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Club Tour 2015 - Burton upon Trent

posted 12 Jun 2015, 00:40 by South Herts   [ updated 16 Jun 2015, 08:57 ]

South Herts CTC fixed-base long weekend was based in Burton upon Trent: June 6th-9th.
Eight people met at the Burton Central Travelodge on Friday evening and enjoyed a pleasant meal in the local JD Wetherspoon pub whilst discussing the planned rides for the next few days. The weather forecast was for dry but cold weather with some significant wind.
From 2015 Burton upon Trent tour
Click photo to view slideshow
Saturday morning saw us leave Burton via a traffic-free cycle route over a Victorian causeway before heading south east to a cafe stop in the grounds of the Staunton Harold estate, then through some fairly urban countryside to Markfield, before heading into the wind NW to Melbourne, where unfortunately the Visitor centre cafe on the reservoir was closed this season. It was a real fight in the headwind back to base.
Sunday saw slightly less wind and offered a more pleasant ride through the undulating countryside to Uttoxeter before heading north to Alton (near the “Towers”) then south again to a tea stop at a pleasant NT cafe at Sudbury Hall. This ride was much hillier and we all knew the gradients had been quite severe. We used a pleasant off road cycle path from Alton village, which started just under an old castle that looked like it had been lifted from Bavaria and planted in North Staffs. The hills allowed us to see good panoramic views of the local countryside.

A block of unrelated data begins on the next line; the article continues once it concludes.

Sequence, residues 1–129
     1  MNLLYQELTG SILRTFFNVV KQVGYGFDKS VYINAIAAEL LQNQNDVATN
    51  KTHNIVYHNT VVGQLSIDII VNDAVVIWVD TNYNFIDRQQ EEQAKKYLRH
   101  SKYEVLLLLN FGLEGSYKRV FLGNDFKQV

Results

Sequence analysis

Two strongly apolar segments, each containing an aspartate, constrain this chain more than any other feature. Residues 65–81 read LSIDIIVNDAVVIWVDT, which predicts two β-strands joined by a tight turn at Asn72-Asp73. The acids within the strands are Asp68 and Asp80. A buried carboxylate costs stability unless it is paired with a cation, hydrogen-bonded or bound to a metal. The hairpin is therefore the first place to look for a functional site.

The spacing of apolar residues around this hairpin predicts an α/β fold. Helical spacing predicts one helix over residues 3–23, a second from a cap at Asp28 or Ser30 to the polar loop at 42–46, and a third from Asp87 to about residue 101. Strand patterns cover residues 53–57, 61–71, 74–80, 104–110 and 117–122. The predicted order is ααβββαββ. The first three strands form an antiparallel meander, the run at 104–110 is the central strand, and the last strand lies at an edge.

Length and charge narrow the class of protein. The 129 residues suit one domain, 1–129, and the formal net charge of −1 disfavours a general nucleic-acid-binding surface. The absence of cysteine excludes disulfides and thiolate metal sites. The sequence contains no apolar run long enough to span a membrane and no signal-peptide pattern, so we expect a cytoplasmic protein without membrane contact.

Tracey left us on Sunday evening so seven stalwarts headed north on Monday morning to Brailsford where the cafe had a hand written note saying ‘closed today’ so again we were thwarted for sustenance. After cycling north through beautiful quiet lanes we had lunch at Carsington Water visitor centre then took a hilly route, both up and down to a lovely garden centre cafe near Kedleston Hall before getting back to the hotel base.